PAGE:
A large proportion of the nation’s freshly graduated workers are employed in roles well below their level of education, leading to a significant shortfall in earning according to new research from the University of Western Australia (UWA) and John Curtin University.

The research paper, jointly written by UWA’s Ian Li and Curtin’s Paul Miller, examined how much the field of study and type of university attended matched job attainment.

It found a large proportion of graduates are employed in jobs which require a lower level of education than a university degree, and that this kind of over-education can result in a 12 per cent reduction in earnings.

The study, which used data from Graduate Destination Surveys circulated to graduates every year from 1999-2009, found that nurses are the least likely group to be over-educated, while those in the natural and physical sciences are the most likely to be over-educated.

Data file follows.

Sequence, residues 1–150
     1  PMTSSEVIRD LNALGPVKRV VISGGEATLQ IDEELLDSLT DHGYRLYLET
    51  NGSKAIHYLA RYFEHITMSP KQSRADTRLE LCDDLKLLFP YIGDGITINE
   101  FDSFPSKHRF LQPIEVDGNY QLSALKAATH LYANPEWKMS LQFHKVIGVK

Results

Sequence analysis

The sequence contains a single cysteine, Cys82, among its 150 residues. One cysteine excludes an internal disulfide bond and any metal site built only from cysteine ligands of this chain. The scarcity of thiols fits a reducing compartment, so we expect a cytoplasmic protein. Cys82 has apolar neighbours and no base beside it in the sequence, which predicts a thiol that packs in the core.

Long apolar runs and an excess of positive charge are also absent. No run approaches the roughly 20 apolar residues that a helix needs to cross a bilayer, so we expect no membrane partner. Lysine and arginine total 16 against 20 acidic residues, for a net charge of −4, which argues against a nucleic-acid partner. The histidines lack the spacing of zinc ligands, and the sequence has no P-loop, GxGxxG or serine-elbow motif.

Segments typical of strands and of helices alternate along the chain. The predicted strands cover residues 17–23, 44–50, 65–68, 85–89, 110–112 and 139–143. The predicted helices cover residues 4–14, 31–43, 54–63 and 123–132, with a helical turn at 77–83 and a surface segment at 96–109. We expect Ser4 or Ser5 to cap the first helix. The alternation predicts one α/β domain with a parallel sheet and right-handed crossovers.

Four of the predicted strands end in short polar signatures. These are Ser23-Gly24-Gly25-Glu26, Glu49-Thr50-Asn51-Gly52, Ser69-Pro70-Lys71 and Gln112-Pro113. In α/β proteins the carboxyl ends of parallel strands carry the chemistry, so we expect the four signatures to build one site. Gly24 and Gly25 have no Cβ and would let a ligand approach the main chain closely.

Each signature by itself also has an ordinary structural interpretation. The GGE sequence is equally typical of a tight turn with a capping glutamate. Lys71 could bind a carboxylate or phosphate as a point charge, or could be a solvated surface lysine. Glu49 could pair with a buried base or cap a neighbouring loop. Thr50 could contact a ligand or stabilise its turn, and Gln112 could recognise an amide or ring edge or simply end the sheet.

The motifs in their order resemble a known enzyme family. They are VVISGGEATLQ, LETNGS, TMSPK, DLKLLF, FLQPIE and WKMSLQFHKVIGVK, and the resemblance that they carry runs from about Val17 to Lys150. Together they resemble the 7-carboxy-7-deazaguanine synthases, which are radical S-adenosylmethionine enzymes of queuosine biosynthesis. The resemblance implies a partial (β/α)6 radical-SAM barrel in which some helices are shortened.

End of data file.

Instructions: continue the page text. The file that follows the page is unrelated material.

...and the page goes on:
"The results showed a large disparity according to the field studied," said Assistant Professor Li, of UWA's School of Population Health.  "In comparison to the benchmark category of management and commerce graduates, nurses were 46 per cent less likely to be over-educated, while natural and physical science graduates were 12 per cent more likely to be over-educated."